meet the BEST and enjoy the river vignettes…

Good Morning Greetings to all you River Friends,

Mike, David, Gillian Rebecca and Tony were last Sunday’s BEST….

My last two weeks have been taken up with hand watering our young native plants, trying to nurse them through the dry summer and initiating the Benchland Estuary Stewardship Program for the houseless campers. I can’t help but see the similarities between the two activities. Both are trying to survive harsh circumstances according to their individual abilities.  The reason for this Program is that the stretch by the San Lorenzo River waterline has has been heavily impacted by uncontrolled camping that degraded the habitat vegetation. I know first hand that houseless people make great environment stewards because I have witnessed that with ‘my’ Downtown Streets Members, who have become a part of the Estuary Project work crew. These Members are the backbone of the BEST, aka Benchland Estuary Stewardship Team. They are the ones, who show up for the work, help brainstorm ideas to promote the Program so that fellow campers become part of the BEST. I admit that I loved seeing Tony Elliot, the Park & Rec. Director, Community and houseless members work together on helping the river habitat. They created a BEST community by helping each other out with hard and at times difficult work, they shared laughter and conversations. Nature rewarded their efforts with the passing of a MALLARD Mama and her 5 ducklings and a GREEN HERON’s fly-over. You are welcome to join the BEST every Sunday from 11am-1pm. We meet at the Benchland entry by the big, black dumpster close to the Water St. bridge.

JUNCO thanks the BEST with a song in the cleared Benchland area…

As mentioned before it has been interesting to compare the settle differences in the river habitats with my river compadres. We can’t figure out if this year’s lack of river bird diversity is due to COVID- more human and dog presence- or if we are witnessing the climate change effects. Many of us are keyed into the Nature cues to prepare us for the upcoming seasons : ducklings announce spring, SWALLOW arrival announces spring transition to summer, migration birds fledglings indicate summer and so on…The comrades’ consensus is that the observed changes leave us a little disoriented. Have you noticed bird behavior changes? And if that is the case~ how do they effect you?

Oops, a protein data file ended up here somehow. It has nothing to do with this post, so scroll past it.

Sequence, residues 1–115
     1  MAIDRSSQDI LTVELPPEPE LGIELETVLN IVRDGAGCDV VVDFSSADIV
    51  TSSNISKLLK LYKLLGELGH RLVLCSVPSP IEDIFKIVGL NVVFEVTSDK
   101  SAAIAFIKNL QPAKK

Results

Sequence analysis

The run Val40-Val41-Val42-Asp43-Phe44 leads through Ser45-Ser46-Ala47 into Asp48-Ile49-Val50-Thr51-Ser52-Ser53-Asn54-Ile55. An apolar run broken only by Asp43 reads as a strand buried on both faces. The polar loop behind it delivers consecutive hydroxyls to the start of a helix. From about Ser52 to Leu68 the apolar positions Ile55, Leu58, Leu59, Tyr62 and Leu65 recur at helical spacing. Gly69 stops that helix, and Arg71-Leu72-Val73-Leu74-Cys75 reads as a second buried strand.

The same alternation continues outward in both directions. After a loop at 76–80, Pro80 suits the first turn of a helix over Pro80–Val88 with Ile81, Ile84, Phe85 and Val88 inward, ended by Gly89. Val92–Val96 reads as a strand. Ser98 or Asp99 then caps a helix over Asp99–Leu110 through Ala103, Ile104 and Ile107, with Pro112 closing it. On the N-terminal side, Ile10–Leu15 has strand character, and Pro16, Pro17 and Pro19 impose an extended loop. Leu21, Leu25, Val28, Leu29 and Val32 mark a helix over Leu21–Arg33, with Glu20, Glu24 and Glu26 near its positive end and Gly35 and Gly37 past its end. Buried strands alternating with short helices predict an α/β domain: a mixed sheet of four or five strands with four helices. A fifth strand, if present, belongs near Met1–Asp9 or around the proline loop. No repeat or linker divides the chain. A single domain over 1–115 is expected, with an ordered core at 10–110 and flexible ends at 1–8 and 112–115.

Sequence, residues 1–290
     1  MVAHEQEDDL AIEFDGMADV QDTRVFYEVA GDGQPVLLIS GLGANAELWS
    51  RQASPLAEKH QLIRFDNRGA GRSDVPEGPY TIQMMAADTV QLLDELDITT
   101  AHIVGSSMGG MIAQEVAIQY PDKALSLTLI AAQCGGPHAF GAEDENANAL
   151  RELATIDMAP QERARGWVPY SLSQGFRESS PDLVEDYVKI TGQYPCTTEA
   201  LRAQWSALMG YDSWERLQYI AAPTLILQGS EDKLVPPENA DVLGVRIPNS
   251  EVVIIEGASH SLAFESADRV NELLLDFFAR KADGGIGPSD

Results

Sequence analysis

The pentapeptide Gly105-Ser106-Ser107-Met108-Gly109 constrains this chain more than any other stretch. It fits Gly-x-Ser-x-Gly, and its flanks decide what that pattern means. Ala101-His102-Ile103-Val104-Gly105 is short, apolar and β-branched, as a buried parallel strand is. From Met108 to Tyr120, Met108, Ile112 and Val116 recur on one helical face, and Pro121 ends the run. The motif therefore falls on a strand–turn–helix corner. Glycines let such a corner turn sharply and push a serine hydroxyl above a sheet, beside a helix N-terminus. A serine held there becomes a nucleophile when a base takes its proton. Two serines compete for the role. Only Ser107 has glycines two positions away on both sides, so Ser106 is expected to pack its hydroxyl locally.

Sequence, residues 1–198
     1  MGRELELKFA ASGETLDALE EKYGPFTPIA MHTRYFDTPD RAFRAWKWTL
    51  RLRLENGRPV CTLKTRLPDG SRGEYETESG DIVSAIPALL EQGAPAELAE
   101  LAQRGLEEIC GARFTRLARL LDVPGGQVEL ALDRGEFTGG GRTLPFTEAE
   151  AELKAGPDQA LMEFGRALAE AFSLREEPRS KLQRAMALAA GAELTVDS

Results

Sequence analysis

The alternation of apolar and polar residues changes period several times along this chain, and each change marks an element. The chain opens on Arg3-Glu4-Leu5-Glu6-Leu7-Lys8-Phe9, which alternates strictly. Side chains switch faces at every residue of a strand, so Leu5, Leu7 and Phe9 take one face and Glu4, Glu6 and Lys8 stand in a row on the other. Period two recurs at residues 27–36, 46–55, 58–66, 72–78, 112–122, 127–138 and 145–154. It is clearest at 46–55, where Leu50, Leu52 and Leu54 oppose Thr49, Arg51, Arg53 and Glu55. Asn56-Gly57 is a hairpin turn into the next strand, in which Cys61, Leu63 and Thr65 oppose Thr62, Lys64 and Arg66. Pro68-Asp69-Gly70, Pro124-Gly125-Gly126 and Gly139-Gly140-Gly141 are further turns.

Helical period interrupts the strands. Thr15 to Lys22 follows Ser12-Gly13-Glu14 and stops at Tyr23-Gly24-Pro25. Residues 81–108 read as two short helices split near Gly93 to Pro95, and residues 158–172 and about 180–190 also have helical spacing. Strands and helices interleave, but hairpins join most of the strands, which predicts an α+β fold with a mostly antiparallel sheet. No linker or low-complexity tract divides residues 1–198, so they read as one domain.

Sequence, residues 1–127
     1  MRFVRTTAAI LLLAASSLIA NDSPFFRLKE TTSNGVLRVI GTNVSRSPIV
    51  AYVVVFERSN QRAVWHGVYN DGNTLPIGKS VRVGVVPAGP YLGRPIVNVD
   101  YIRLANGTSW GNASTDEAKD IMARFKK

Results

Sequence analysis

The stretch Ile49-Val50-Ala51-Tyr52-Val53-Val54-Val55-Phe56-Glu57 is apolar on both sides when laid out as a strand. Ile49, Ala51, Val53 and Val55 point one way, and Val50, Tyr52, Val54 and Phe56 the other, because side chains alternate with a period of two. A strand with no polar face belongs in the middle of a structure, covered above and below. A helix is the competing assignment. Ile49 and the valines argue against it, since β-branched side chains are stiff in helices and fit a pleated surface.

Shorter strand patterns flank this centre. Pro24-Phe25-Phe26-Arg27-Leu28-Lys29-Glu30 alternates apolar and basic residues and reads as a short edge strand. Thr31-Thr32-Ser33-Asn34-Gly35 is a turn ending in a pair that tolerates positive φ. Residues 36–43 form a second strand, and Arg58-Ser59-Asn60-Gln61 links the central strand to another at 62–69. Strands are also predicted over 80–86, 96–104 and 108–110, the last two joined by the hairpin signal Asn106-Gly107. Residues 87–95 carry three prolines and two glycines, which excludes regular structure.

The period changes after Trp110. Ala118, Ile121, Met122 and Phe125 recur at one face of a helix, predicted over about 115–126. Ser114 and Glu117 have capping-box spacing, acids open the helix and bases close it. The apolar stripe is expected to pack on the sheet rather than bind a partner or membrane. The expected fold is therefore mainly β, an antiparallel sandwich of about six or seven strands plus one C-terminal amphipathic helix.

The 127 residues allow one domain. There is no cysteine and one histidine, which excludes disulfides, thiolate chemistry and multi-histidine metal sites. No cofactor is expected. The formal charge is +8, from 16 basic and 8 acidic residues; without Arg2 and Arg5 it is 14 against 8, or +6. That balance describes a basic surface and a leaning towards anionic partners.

BLACK PHOEBE sailing on the river…

The BLACK PHOEBE discovered that the algae is very handy river float that allows catching the insects that are attracted to the flotsam. It seemed quite enamored with the river ride, because it was still sailing the river on its green ‘boat’ when I returned an hour after. Usually this restless species zips from one perch to the next. This year there have been less BLACK PHOEBES along the river. Did they fly to a different habitat? Barbara Riverwoman will be delighted to hear that a juvenile PIED-billed GREBE is moseying around by the Riverside Ave. bridge. She has a special bond with them, so I want to let her know: the mask marked teenager is chasing its parents, who escape this danger by diving every time the youngster comes too close. Clearly they see their parent role as fulfilled. And talking about young birds: the juvenile RED-shouldered HAWK keeps calling for parental branch food delivery. Either the parents are deaf, bad hunters or weaning their youngster, because some days you can hear that meal request for hours on end. One of my river comrades saw the PEREGRINE in the Trestle trees again. The Falcon always disappears for a few spring and summer months. Now we are waiting for the OSPREY’s return, who follows the PEREGRINE’s behavior pattern.

Monarch approves the Estuary efforts…

Last not least~ We like to invite you to our Estuary Project work day this Saturday, July 17th, from 9am-11am. You find more details here:

It would be fun to meet you at the river~ cheery chirps to you all~ jane

4 thoughts on “meet the BEST and enjoy the river vignettes…

  1. Our birds here in northern New England seem the same (I haven’t been to the seashore or bay, much — can’t speak to the fowl issues if there are any), but we’ve noticed a lack of bugs and bees of any kind and even hornets this year (because we had a too mild winter?). Anyway, I think it is climate change related, and I can’t help but wonder if a similar lack of buggy food is keeping your bird numbers down.

    1. I think you are right about the lack of insect food source impacting the bird population, especially during breeding season. During that time the parents are eager to feed a high protein insect diet to their fledglings to further rapid growth. It is striking to notice the decline of snails- an important food source for many critters( a gardner’s bane!). I love reading your New England sightings & gain insights to your nature situation~ jane

  2. It is gratifying to see this post after seeing all the hateful comments on the Sheriff and Police pages on Facebook. I know that things are bad, but I also know that haters only complain about the worst of it, and blame everyone involved for those who are unable to take care of their situations. If the haters put as much effort into solving some of these problems as they do into hating, it would be taken care of by now. Hate is too important to them.
    Anyway, I do not really know what is different about the behavior of the birds here because I do not know what is normal. There is always something different going on, but that is to be expected. Right now, those hawks that I am not acquainted with make that loud screeching noise from the top of the cottonwoods outside. I have no idea what it is all about because I do not watch them. I just hear it.

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